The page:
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January 25, 2013 6:51 pm

Facing the financial facts of life

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Could money education help the savings crisis?
Children from year 6 at Brookside Primary School in Hayes, have a lesson in finance using money and games such as Monopoly©Rosie Hallam

Behind a desk in west London a new financial product is being developed. The crebit card is a combined credit and debit card which users can use to purchase items with either their own money when they have it, or credit when they don’t. The interest rates paid and charged vary according to its use.

The crebit card’s inventor is ten years old. Along with the rest of his class at Brookside Primary School, Arthur has been learning about money for the past few weeks – where it comes from, how it is used, why lenders charge interest.

One girl sitting at the back of the class thinks she has a better idea. Instead of borrowing money and paying it back, why not lend it out again and again and earn the interest? When asked what she would do if she had to pay the original sum back she shrugs and says: “Start again?”

Personal finance lessons such as this are rare in England.

The subject is not yet on the national curriculum, although it is taught in Wales, Scotland and Northern Ireland. English schools interested in adding it to their timetable must rely on help from businesses and charities such as Personal Finance Education Group (pfeg), MyBnk and DebtCred.

But as fears grow about the scale of the national savings crisis and its repercussions, there is more interest in the potential benefits of financial education.

Will money be on the curriculum?

The government’s planned overhaul of the English state school curriculum is expected to place more emphasis on factual information, and grant schools more freedom in the way subjects are taught.

Since it was first introduced in 1988, the national curriculum for state schools in England, Wales and Northern Ireland has undergone a number of changes including the introduction of A* grades and the requirement for courses in religious and sex education.

There are currently 12 subjects, including music, design and technology and citizenship, and some academics believe this number will be reduced to create a smaller core of subjects.

The All-Party Parliamentary Group for Financial Education for Young People, which is campaigning for personal finance to be included in the curriculum, says it has taken this into account.

“The government is looking to streamline the national curriculum, so we haven’t asked for a separate subject,” explains Justin Tomlinson, MP for North Swindon and chair of the group. “We want financial education to be embedded in maths and PSHE (personal, social, health and economic education).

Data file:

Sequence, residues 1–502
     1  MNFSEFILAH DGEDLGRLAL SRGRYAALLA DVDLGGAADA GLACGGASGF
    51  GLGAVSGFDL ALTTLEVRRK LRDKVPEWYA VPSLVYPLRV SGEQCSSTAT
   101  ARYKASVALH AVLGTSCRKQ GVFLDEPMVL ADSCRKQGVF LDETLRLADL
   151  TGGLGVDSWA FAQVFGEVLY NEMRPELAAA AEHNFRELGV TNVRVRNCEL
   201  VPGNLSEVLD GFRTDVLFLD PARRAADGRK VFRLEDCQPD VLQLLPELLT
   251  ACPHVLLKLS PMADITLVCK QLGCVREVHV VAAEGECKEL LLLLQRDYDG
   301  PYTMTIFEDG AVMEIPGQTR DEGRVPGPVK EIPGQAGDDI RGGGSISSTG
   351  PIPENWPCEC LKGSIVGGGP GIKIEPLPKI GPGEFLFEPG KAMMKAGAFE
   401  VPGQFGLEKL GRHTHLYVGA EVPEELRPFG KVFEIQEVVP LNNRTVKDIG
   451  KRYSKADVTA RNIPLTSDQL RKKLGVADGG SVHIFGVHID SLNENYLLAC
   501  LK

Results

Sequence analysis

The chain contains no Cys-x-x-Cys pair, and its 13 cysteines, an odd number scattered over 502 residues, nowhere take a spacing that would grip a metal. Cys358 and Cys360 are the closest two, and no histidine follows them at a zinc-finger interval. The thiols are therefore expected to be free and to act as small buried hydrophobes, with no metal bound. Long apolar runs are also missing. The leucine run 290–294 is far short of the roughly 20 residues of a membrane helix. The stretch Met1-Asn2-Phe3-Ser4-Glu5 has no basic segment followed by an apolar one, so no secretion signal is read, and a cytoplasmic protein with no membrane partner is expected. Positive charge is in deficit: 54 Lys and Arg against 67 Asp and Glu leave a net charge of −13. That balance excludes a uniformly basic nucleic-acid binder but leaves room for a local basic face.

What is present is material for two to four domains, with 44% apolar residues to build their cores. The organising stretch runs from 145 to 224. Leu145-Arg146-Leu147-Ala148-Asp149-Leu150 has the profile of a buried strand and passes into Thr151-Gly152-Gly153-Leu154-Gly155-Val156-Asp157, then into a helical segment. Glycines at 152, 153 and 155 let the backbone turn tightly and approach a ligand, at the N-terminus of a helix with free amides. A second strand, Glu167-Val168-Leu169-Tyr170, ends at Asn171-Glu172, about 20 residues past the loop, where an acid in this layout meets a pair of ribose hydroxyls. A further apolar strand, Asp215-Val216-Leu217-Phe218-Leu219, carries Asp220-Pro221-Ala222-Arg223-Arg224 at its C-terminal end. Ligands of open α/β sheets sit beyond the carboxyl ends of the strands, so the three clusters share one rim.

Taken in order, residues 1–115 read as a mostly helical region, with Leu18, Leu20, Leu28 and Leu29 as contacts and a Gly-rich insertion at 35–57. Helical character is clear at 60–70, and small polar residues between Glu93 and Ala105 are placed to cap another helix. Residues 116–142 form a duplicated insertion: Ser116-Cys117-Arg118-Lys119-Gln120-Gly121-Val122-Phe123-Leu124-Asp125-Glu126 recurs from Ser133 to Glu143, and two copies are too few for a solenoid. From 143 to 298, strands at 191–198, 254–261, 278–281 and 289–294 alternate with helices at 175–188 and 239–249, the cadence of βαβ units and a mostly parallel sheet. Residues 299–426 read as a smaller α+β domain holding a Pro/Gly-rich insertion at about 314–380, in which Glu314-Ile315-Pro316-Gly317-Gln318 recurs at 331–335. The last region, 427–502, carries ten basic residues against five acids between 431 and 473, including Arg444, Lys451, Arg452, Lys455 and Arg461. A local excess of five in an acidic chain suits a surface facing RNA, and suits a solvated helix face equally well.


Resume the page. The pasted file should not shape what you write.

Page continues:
“We’re at the biting our nails stage. We have had various parliamentary debates and we have spent six months answering questions. We have a 150-page report that 1,000 people fed into and which we have presented to the government. We’re waiting for the Department for Education to respond.”

So far the DfE is giving nothing away. “There has been a lot of interest in our review of the national curriculum ,” says a spokesperson. “We are listening to these comments and will publish the new draft curriculum for consultation soon.”

Changes to the curriculum are due to be implemented by 2014.

The Chartered Insurance Institute estimates that, collectively, individuals in the UK are already trillions of pounds short of the savings they need to retire comfortably, and says young workers are least likely to save. The UK savings ratio, a measure of how much income households squirrel away, is about 7 per cent, below countries such as Germany, where households put an average 10 per cent of their salary aside.

Some schemes to tackle endemic under-saving are in place, including the introduction of auto-enrolment workplace pension schemes, and campaigners say that financial education would complement such plans, enabling people to be confident and competent with money from a young age.

By the time a child reaches 16, charities such as pfeg want them to know how money is used, what consumer protection is available to them and how to budget over the long and short term.

The cost of doing this would not be high, they argue, if the UK follows the example of Australia and includes finance within existing subjects such as maths and PSHE (personal, social, health and economic education).

At the John Warner School in Hoddesdon, Hertfordshire, children aged 11 to 19 have been learning about personal finance for the past three years, mixing factual lessons on annual percentage rates and compound interest with discussions about financial responsibility.

Ellen McHugh, the senior teacher responsible for the programme, thinks the lessons help to alleviate the anxiety many students fell about their future, particularly the soaring costs of university and housing. “If schools are going to push young people to improve, they must be taught to manage their finances,” she argues.